2006 elections

No major candidates announced their intentions to contest Cramer’s seat in the November 2006 election. (See U.S. congressional elections in 2006) [4]

2008 elections

This information was gathered by volunteer researchers as part of the Superdelegate Transparency Project on the superdelegates for the 2008 Democratic presidential primary. For more info see the Alabama superdelegate tracker or visit the STP homepage.

Before Hillary Clinton conceded the race, Robert Cramer, as a superdelegate, had not endorsed a candidate for President.


On March 13, 2008, Cramer announced that he would not seek re-election in November. Cramer served nine terms in the House, but had been contemplating retirement for the last 3 years. In a statement released by his office, he cited a desire to "spend more time with my family and begin another chapter in my life."[3]

Money in politics

This section contains links to – and feeds from – money in politics databases. For specific controversies, see this article's record and controversies section.

Campaign contribution data could not be found.

Links to more campaign contribution information for Robert Cramer
from the Center for Responsive Politics' site.
Fundraising profile: 2008 election cycle Career totals
Top contributors by organization/corporation: 2008 election cycle Career totals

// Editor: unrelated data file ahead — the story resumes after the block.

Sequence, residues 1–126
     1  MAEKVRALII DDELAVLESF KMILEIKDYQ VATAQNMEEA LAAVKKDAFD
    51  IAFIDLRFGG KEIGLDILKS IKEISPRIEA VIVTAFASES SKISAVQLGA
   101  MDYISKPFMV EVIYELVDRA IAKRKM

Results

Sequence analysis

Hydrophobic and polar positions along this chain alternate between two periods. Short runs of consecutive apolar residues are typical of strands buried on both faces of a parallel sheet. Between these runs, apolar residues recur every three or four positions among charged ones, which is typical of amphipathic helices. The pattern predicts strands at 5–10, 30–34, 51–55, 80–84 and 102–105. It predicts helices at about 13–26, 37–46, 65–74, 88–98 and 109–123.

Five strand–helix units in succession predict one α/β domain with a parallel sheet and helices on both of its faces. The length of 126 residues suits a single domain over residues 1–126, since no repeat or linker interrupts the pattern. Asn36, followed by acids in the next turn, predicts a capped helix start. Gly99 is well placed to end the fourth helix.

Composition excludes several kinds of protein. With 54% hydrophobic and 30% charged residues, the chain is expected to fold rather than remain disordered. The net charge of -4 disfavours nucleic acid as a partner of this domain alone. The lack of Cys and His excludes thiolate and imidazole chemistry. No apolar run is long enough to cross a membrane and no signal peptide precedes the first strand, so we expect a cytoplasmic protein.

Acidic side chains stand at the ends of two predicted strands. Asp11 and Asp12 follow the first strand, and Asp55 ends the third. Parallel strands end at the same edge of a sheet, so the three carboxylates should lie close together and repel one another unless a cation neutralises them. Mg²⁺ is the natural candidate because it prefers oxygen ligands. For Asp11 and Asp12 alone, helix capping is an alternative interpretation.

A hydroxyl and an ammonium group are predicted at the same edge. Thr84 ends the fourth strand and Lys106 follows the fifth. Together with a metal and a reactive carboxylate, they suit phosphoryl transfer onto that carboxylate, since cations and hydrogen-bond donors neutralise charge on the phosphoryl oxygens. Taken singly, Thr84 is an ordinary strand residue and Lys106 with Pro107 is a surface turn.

Top contributors by industry: 2008 election cycle Career totals

Committees and Affiliations

Committee assignments in the 110th Congress (2007-2008)

Committee assignments in the 109th Congress (2005-2006)


More Background Data

Wikipedia also has an article on Robert Cramer. This article may use content from the Wikipedia article under the terms of the GFDL.


DC Office:
2368 Rayburn House Office Building
Washington, DC 20515-0105
Phone: 202-225-4801
Fax: 202-225-4392
Email: budmail AT
Web Email

District Office- Decatur - Mailing:
Post Office Box 668
Decatur, AL 35602
Phone: 256-355-9400
Fax: 256-355-9406

District Office - Decatur - Walk in:
Morgan County Courthouse
302 Lee Street
Fifth Floor, Room 86
Decatur, AL 35601
Phone: 256-355-9400
Fax: 256-355-9406

District Office - Huntsville:
626 Clinton Avenue, West
Huntsville, AL 35801
Phone: 256-551-0190
Fax: 256-551-0194

District Office - Muscle Shoals:
The Bevill Center for Environmental Technology
1011 George Wallace Boulevard
Tuscumbia, AL 35674
Phone: 256-381-3450
Fax: 256-381-7659

Articles and resources


  1. Ben Evans, "Former Ala. congressman Cramer joins lobbying firm," Associated Press, January 26, 2009.
  2. Roll call vote, Authorization for Use of Military Force Against Iraq Resolution of 2002.
  3. Associated Press "Cramer won’t seek re-election in November", “Tuscaloosa News”, March 14, 2008, Accessed March 17, 2008

Local blogs and discussion sites

Semantic data (Edit data)